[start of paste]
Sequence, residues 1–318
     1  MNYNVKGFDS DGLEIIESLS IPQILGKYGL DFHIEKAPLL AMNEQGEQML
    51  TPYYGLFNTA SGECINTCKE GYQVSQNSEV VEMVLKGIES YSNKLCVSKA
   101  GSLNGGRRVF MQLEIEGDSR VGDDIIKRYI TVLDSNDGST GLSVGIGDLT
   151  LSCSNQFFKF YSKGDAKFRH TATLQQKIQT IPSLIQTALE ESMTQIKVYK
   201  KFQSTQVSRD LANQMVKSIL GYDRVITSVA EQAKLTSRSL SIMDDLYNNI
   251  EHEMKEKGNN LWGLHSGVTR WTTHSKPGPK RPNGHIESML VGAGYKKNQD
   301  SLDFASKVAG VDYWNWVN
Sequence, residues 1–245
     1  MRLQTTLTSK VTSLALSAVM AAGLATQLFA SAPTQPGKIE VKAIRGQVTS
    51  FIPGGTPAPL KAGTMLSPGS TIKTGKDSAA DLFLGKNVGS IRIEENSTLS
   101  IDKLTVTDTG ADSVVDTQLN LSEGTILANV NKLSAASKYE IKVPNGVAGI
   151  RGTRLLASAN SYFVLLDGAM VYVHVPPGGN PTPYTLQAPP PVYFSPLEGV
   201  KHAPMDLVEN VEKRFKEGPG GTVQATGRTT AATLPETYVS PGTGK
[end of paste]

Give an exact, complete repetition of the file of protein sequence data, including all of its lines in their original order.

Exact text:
Sequence, residues 1–318
     1  MNYNVKGFDS DGLEIIESLS IPQILGKYGL DFHIEKAPLL AMNEQGEQML
    51  TPYYGLFNTA SGECINTCKE GYQVSQNSEV VEMVLKGIES YSNKLCVSKA
   101  GSLNGGRRVF MQLEIEGDSR VGDDIIKRYI TVLDSNDGST GLSVGIGDLT
   151  LSCSNQFFKF YSKGDAKFRH TATLQQKIQT IPSLIQTALE ESMTQIKVYK
   201  KFQSTQVSRD LANQMVKSIL GYDRVITSVA EQAKLTSRSL SIMDDLYNNI
   251  EHEMKEKGNN LWGLHSGVTR WTTHSKPGPK RPNGHIESML VGAGYKKNQD
   301  SLDFASKVAG VDYWNWVN
Sequence, residues 1–245
     1  MRLQTTLTSK VTSLALSAVM AAGLATQLFA SAPTQPGKIE VKAIRGQVTS
    51  FIPGGTPAPL KAGTMLSPGS TIKTGKDSAA DLFLGKNVGS IRIEENSTLS
   101  IDKLTVTDTG ADSVVDTQLN LSEGTILANV NKLSAASKYE IKVPNGVAGI
   151  RGTRLLASAN SYFVLLDGAM VYVHVPPGGN PTPYTLQAPP PVYFSPLEGV
   201  KHAPMDLVEN VEKRFKEGPG GTVQATGRTT AATLPETYVS PGTGK